Baildon (1864)

Although salvations are not actually mentioned, I am sure, with the quality of the revivalists present, that many would have given their lives to Jesus.

BAILDON FEAST.-Beloved Brother in Jesus, I do not like to write much about self, but, as you so kindly said in last week's Revival, we may write about his work who worketh and none can hinder, and the Lord's dear people should glorify their God for his grace in saving precious blood-bought souls; and though we may at times put "I" in too much, yet the Lord who looks upon the hearts knoweth whether we write for His glory or no, and to Him we stand or fall. I should often have written about
the work of my dear Lord, only I thought you might think it was writing for self-glory and not for His glory. But as I have been having such sweet blessings from my Father's hand, I wish my brethren and sisters to rejoice with me, and to praise the Lord for his wonderful works to the children of men. Baildon Feast is something like a Lancashire wake, of which we hear from our dear brother Usher, where he goes to give testimony for Jesus, and at this feast thousands of people go for pleasure, and to drink and fight, etc. A dear brother, of the name of Knipe, gave an invitation to three or four of us to go down to preach the gospel, and on the 17th of July, the first day of the feast, about fifty of the Bradford friends went down with us, and were very hospitably entertained by our brother Knipe, who is a converted navvy and a wonderful specimen of the grace of God to save the vilest of the vile. About two o clock we mounted our four-wheeled waggon, kindly lent to us by a carrier, and began to sing. A large crowd soon collected and a prayer being offered, Joshua Poole, a most wonderful man, raised up by the power of the Lord and who has been blessed to hundreds of souls down here, preached the gospel to the people. His dear wife followed and spoke to the people very feelingly, and I believe the word was blessed. A dear Christian brother from London, who had been labouring with us at Halifax and whom the Lord had blessed very much. Mr W. Shield next addressed the people, and the attention was very great. W. Walker concluded with preaching from the words, "Ye must be born again,"band we trust the word preached was mixed with faith in them that heard. We then closed with prayer and announced that we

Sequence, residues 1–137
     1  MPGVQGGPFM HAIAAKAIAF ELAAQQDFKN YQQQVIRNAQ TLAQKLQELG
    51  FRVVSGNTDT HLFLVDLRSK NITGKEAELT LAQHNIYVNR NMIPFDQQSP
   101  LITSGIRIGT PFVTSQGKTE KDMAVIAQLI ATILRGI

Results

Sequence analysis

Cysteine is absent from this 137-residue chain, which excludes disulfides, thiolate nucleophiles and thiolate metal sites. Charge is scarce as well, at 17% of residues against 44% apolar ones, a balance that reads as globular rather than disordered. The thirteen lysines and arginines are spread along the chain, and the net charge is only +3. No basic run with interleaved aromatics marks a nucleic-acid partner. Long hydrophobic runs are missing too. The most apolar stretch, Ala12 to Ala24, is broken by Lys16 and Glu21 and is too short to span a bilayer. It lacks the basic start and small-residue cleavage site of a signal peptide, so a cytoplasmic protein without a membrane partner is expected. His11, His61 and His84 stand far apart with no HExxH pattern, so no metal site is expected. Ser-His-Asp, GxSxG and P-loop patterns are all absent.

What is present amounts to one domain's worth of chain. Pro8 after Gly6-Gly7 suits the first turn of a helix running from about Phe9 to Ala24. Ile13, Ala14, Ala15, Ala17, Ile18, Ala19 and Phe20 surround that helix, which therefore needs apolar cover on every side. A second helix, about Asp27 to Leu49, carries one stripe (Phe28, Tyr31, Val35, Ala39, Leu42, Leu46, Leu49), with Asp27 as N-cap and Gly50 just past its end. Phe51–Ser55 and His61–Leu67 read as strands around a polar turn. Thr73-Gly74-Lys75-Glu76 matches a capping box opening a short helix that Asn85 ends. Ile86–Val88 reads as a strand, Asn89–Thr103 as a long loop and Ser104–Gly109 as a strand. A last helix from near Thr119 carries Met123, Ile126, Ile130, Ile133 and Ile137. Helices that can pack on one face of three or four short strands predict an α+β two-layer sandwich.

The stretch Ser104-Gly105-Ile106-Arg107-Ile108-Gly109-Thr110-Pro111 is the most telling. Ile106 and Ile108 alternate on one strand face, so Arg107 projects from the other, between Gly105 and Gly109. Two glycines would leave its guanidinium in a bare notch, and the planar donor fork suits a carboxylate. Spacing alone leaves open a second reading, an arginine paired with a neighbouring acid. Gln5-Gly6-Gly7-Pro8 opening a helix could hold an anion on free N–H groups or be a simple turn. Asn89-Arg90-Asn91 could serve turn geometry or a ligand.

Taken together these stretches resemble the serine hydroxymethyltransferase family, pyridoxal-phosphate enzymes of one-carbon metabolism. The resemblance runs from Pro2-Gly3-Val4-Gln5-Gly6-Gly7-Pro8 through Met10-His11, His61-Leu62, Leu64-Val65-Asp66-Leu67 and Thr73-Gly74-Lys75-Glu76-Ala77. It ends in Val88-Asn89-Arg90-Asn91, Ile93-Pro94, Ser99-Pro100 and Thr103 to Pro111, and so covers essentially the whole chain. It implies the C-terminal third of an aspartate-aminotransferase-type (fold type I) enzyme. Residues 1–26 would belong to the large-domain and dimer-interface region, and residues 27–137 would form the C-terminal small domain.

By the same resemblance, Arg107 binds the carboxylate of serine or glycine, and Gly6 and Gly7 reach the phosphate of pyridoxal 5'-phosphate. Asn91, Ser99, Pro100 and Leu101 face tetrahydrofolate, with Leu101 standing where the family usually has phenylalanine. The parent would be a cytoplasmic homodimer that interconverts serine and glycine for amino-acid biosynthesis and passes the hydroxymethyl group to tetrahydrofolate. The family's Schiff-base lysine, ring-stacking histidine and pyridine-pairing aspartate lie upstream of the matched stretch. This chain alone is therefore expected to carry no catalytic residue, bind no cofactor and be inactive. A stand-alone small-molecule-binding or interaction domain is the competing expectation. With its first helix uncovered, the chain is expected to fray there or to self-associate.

should be there again in the evening at six o'clock. About half-past five we commenced to sing through the fair, and a very large concourse of people were soon gathered together. Brother Walker again addressed them; after him followed William Fairfoot, who spoke very lovingly to the people, and told them the danger of delaying and leaving salvation to the last. The attention was very great while he spoke, and we have non doubt the word was blessed. Joshua Poole and myself also spoke, and Mrs Poole concluded with preaching from the death and resurrection of Lazarus. I have not the least doubt that God blessed the humble efforts made by his weak ones to endeavour to lift up Jesus only. I am sure you will be glad to thank, in the name of the Lord, through your paper, the officials con- nected with the town of Baildon. Not only did the police stand by us and keep the roughs from insulting us, but gave us every encouragement, and refused to take anything from us for the ground. Everybody else had to pay, but they said they felt honoured in allowing anything for Jesus and would rather give us something than take anything from us. We thank them very kindly. We also desire to give our thanks for some thousands of tracts, hymn papers etc from our dear brother Mr Fennell of London. They were very useful and no doubt he will have
the pleasure of seeing souls with Jesus to whom the Lord has used the simple gospel messengers. I cannot write all at present, but will (D. V.) next week send you an account of our further proceedings at Baildon. May God bless this note to the  souls of his dear people.-Ever yours in Jesus,

"The Revival," August 4th, 1864.

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